"One problem with Plato's dualism was that, though he speaks of the soul as imprisoned in the body, there is no clear account of what binds a particular soul to a particular body. Their difference in nature makes the union a mystery.” So concludes the brief discussion of Platonic dualism in the Stanford Encyclopedia of Philosophy’s article on dualism. Is this complaint fair? In this talk, I argue that it is not. In fact, Plato offers, throughout his corpus, a sophisticated and complex account of what unifies body and soul. I begin my talk by proposing that we distinguish two challenges to Plato’s account of soul-body unity. According to the pairing problem, famously developed by Kim in the twentieth century, dualists, such as Plato, cannot explain why a given soul belongs to a given body and no other. According to the problem of unity, developed by Plato’s successors in the late antique through the early modern periods, Plato cannot give an account of why, once paired, a soul and a body constitute a unity. In the first part of my talk, I argue that Plato can account for soul-body pairing along two interrelated dimensions: in terms of the soul’s location within the body and in terms of its causal power over the body. In the second part of my talk, I argue that Plato would reject the problem of unity as ignoring the possibility that soul and body can remain distinct substances, yet still constitute one, composite, entity, the organism. The organism counts as a unity in virtue of the fact that body and soul are functionally suited to one another. In the final part of my talk, I propose that Plato in fact operates with two conceptions of unity—binary and scalar. Whereas binary unity is due to the soul’s being located within the body and having causal power over it, scalar unity is due to the soul’s self-identification as part of a corporeal substance and its causal interaction with the body.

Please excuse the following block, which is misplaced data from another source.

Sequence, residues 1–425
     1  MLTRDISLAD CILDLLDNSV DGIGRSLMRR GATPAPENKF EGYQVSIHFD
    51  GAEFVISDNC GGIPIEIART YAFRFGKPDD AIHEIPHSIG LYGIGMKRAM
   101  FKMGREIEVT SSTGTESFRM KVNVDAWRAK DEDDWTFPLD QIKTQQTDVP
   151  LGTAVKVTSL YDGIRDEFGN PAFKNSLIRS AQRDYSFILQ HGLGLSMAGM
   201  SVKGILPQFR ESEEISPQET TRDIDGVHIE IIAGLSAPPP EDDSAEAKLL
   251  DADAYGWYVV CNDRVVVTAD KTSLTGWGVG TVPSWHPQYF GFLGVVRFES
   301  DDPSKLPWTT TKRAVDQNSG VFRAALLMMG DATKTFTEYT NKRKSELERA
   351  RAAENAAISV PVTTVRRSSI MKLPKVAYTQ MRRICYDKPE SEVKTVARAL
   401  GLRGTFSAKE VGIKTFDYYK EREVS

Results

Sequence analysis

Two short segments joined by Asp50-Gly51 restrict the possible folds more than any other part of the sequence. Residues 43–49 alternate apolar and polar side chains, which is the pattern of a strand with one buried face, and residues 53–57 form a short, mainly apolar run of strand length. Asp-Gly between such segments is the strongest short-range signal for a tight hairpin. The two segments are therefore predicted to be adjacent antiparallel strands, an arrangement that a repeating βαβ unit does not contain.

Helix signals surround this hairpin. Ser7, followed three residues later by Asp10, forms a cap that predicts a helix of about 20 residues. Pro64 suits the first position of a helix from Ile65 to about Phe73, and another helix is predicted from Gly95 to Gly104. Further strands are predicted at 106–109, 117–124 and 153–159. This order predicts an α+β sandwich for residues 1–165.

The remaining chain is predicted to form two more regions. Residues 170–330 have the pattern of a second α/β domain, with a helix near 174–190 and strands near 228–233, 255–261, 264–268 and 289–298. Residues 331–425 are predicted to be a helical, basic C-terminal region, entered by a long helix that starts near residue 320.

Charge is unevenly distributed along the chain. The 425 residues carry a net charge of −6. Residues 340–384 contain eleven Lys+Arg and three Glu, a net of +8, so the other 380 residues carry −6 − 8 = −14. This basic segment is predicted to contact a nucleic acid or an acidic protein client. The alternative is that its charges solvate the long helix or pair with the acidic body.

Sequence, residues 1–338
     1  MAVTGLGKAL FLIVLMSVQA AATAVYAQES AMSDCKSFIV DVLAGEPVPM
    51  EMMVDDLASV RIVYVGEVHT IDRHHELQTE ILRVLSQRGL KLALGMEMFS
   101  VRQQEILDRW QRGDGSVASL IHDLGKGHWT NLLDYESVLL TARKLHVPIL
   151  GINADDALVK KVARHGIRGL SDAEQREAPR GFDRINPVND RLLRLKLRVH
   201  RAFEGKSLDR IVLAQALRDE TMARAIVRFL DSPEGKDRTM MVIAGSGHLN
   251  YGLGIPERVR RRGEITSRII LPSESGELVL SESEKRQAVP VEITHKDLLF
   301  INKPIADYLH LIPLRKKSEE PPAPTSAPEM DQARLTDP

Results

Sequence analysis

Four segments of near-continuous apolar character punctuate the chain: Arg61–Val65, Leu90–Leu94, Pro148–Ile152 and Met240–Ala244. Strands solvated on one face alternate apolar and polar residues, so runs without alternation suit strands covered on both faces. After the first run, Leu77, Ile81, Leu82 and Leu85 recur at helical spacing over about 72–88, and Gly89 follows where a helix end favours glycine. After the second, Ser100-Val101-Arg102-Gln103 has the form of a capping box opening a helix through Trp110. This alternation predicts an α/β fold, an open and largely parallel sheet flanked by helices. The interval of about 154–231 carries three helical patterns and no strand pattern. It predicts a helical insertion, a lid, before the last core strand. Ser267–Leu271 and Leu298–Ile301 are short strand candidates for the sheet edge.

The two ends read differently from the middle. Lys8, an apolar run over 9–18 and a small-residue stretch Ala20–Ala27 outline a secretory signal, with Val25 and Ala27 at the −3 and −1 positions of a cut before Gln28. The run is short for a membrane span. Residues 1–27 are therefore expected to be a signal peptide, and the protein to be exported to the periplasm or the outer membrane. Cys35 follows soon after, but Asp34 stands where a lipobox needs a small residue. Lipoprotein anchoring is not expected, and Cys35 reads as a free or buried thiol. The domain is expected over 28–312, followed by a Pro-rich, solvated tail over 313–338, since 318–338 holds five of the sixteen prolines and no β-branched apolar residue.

If you would like to join the speaker for dinner after the seminar, please email the chair by Tuesday before the workshop.
Workshop in Ancient Philosophy Convenors: Ursula Coope, Simon Shogry and Luca Castagnoli